Borrowers Betrayed

Loan legacy: vacancy, vandalism, foreclosure

Decaying and neglected homes are Orson Benn's legacy in Miami-Dade County, where the New York lender and his associates at Argent Mortgage wrote $349 million in loans on nearly 2,000 properties.

At least 600 of the homes entered the foreclosure process, nearly three times the rate of other homes in Miami-Dade.

The troubled properties -- apartments, town homes and suburban ranches -- cut across the county, with tight clusters in the north and west. Nearly half are in West Kendall. Ten percent are in Miami, concentrated in Liberty City. Five percent are in Hialeah and Miami Gardens.

Experts say the impact of foreclosured homes on neighborhoods will be felt for years.

"It is a vicious cycle, " said Miami real estate attorney Samira Ghazal. "The houses become vacant, they get vandalized, and more houses become foreclosures."

While it's unclear how many of Benn's loans are based on false and misleading information, The Miami Herald found hundreds of questionable transactions surrounding the mortgages.


Records show that more than a quarter of the homes were flipped without any exchange of money, using quitclaim deeds, which experts say are a red flag.

"Quitclaim deeds are the tool of choice, if you will, of fraudsters, " Miami-Dade Mortgage Fraud Task Force Chairman Glenn Theobald said.

In addition, at least 6 percent of Benn's loans went to industry insiders -- some of whom took mortgages on multiple homes. In one case, the newspaper found, a mortgage broker took four loans in a single month. All but one of the homes are now in foreclosure.


Many of the houses blight their communities, dragging property values down and attracting crime.

Sergio Sanchez manages a complex of 159 town homes in northwest Miami-Dade. Nine were purchased with Benn loans; four of those are in foreclosure.

"They are a big, big problem, " Sanchez said, adding that they attract drug dealers, prostitutes and squatters. "The owners don't care if they're turning the development upside down."

More often than not, it's the neighbors who suffer, not the absentee owners who took the Benn loans.

South Miami-Dade homeowner Melinda Mizrachi said her neighbors, who took an Argent loan in 2005, left in the middle of the night a few months ago.

Ever since, their abandoned home has been falling into disrepair. Palm fronds and trash litter the overgrown yard of the house, which sold for $300,000 three years ago. "It's bringing down the value of our home, " Mizrachi said.

Down the street from Mizrachi's house are three other properties with Argent loans that are in some stage of foreclosure.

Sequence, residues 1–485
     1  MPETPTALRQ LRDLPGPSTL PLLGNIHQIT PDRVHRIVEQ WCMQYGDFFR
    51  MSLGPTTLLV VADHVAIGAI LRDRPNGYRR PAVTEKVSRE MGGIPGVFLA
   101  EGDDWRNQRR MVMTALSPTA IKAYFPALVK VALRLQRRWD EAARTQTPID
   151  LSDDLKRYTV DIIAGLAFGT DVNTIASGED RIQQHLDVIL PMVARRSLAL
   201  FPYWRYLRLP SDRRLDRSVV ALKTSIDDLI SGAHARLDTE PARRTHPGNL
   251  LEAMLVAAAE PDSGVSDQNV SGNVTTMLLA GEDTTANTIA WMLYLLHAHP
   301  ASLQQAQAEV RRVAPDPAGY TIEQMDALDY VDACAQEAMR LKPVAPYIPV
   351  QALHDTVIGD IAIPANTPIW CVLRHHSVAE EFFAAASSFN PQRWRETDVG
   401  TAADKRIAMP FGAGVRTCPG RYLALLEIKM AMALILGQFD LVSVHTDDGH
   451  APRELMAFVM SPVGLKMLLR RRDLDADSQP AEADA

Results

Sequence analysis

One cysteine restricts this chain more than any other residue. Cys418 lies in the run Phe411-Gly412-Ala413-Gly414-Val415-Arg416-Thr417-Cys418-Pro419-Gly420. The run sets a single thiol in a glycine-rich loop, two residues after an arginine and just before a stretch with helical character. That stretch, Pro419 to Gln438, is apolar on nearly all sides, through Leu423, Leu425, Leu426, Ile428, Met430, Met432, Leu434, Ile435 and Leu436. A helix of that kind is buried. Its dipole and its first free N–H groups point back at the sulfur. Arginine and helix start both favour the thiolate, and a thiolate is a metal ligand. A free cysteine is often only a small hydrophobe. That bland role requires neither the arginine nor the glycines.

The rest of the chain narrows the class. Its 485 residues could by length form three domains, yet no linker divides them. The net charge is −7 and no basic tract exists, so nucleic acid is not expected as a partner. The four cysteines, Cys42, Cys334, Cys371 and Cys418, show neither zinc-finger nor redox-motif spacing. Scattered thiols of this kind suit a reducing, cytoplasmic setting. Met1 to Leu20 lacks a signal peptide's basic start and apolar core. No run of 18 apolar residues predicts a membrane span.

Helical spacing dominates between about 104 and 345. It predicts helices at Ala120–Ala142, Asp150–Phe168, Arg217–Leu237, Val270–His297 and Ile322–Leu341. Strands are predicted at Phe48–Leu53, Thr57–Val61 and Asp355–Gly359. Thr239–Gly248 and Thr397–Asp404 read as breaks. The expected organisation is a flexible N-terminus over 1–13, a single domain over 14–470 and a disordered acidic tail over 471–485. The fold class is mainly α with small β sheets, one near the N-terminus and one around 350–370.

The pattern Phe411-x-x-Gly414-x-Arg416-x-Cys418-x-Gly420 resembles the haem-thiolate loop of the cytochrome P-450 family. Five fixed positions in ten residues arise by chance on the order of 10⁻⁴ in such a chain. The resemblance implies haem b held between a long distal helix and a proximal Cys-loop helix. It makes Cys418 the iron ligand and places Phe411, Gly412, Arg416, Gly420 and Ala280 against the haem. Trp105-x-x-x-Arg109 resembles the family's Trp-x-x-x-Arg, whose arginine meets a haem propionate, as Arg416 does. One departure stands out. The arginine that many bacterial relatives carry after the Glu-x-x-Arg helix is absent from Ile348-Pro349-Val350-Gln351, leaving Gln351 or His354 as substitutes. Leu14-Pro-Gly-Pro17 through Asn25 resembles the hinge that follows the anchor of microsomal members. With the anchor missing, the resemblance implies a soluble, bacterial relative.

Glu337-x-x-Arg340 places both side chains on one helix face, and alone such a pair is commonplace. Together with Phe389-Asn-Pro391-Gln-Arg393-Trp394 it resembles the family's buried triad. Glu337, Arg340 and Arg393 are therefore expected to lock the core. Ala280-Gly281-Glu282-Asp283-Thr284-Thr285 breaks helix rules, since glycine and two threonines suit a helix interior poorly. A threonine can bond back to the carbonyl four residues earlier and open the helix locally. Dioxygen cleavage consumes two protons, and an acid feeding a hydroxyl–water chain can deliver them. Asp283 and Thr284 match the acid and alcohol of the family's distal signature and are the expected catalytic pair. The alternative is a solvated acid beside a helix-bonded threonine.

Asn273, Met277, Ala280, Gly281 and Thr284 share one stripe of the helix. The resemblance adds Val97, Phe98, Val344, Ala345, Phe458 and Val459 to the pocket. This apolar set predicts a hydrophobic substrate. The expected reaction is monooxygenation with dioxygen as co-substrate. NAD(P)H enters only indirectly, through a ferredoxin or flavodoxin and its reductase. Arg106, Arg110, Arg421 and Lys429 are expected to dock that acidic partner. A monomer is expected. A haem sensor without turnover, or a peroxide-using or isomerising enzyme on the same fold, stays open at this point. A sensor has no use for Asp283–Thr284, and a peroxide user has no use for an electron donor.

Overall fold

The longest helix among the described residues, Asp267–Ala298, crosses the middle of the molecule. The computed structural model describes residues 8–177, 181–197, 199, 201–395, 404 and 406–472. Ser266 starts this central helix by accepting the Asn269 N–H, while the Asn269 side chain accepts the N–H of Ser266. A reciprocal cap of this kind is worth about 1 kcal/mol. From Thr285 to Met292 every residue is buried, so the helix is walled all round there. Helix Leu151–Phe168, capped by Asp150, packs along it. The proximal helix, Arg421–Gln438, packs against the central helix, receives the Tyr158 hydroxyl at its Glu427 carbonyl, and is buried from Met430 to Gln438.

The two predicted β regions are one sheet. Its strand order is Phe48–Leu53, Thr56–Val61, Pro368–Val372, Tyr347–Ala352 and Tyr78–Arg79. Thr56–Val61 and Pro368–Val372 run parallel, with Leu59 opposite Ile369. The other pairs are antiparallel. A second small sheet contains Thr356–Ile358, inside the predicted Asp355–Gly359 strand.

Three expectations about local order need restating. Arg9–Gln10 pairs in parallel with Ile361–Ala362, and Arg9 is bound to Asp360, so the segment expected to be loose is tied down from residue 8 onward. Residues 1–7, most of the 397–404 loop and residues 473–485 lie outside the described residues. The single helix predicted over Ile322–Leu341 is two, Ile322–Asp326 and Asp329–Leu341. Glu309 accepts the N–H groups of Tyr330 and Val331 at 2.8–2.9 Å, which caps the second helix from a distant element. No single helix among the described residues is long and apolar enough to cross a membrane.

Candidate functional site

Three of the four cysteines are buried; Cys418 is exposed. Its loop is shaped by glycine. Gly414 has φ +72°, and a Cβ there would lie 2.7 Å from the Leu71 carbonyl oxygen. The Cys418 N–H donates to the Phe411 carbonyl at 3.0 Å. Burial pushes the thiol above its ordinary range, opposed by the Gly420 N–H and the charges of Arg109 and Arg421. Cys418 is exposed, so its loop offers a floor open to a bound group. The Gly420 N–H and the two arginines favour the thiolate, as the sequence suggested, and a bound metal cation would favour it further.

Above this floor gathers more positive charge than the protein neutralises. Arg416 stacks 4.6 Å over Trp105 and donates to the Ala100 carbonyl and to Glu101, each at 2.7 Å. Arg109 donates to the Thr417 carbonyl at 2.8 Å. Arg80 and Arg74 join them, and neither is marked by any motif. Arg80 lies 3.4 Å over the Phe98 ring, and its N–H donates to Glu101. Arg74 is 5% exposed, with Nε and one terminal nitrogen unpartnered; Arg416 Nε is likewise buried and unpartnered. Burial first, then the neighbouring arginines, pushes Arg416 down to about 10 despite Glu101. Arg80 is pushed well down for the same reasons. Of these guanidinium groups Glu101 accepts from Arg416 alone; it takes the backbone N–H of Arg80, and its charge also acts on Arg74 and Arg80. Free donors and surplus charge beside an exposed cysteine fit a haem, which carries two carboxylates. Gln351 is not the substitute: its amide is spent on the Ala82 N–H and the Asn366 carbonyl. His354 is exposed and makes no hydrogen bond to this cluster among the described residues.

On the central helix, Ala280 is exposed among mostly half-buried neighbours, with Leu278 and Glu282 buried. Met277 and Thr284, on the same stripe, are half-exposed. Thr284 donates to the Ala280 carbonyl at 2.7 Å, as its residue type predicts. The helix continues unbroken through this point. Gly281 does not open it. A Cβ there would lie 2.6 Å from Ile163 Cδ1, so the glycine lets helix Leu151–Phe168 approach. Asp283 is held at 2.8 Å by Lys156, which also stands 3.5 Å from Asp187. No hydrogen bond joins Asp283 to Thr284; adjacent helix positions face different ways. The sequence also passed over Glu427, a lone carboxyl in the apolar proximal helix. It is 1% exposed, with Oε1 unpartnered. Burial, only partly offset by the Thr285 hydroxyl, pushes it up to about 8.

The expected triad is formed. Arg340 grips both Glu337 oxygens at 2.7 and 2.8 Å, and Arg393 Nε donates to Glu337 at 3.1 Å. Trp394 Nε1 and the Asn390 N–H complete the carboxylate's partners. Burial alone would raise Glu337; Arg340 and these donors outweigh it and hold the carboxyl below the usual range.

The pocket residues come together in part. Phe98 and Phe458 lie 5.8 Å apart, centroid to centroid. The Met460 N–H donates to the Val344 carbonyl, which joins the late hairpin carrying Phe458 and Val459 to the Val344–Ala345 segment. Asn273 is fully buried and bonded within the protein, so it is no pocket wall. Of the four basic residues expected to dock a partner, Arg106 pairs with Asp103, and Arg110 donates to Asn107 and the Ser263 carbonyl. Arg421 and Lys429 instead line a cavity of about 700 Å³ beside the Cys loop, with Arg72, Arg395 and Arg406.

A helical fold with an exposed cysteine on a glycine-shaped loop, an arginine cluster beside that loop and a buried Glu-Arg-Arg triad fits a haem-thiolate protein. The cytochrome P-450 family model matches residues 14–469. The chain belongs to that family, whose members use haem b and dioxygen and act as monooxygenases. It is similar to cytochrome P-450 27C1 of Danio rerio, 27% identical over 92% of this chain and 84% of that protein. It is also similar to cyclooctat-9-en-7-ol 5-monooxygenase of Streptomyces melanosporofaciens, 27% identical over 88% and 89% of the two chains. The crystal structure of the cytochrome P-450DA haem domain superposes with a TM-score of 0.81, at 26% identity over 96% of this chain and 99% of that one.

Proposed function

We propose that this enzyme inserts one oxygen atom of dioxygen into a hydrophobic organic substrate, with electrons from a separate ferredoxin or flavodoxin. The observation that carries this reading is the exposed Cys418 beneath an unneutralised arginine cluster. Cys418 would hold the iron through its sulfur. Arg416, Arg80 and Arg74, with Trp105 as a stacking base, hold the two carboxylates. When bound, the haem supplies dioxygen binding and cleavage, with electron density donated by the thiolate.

In Liberty City, two homes along 19th Avenue were bought with Argent loans in 2005. Today, one has been razed, and the other, empty for many months, is shut with a bicycle lock.


Sometimes, the victims are renters who have never heard of Argent or Benn, and have no idea their landlord is in financial trouble.

In West Miami, a house on Southwest 35th Street has had three Argent loans since 2004. New renter Dayami Reyes said she was stunned when she discovered that the house was in foreclosure the day after she signed a six-month lease.

She said she was even more surprised when she discovered that a broken pipe had been spewing raw sewage into the backyard for months. Reyes was able to fix the pipe. But after investing more than $3,500 in rent and deposits, her future is uncertain. "The owner lied to us, " Reyes' mother, Marilyn Canis, said. "They never told me it was in foreclosure."

In North Miami, a mortgage broker took a Benn loan for a house along Northwest First Avenue. Months later, she sold the property. The new owners immediately divided the place into at least four rental units, including two in the garage, neighbors said.

Eventually, the new owners were evicted.

"When they got foreclosed on, they gutted the house, " neighbor Kacey Schock said. "They took all the appliances and everything out of it. There's no floor, hardly any walls, and then they just took off."

Schock, who is trying to sell her own house, said her prospects are bleak.

"I think that we'll never be able to sell our place until we fix that place up, " she said. "That place is trashed."

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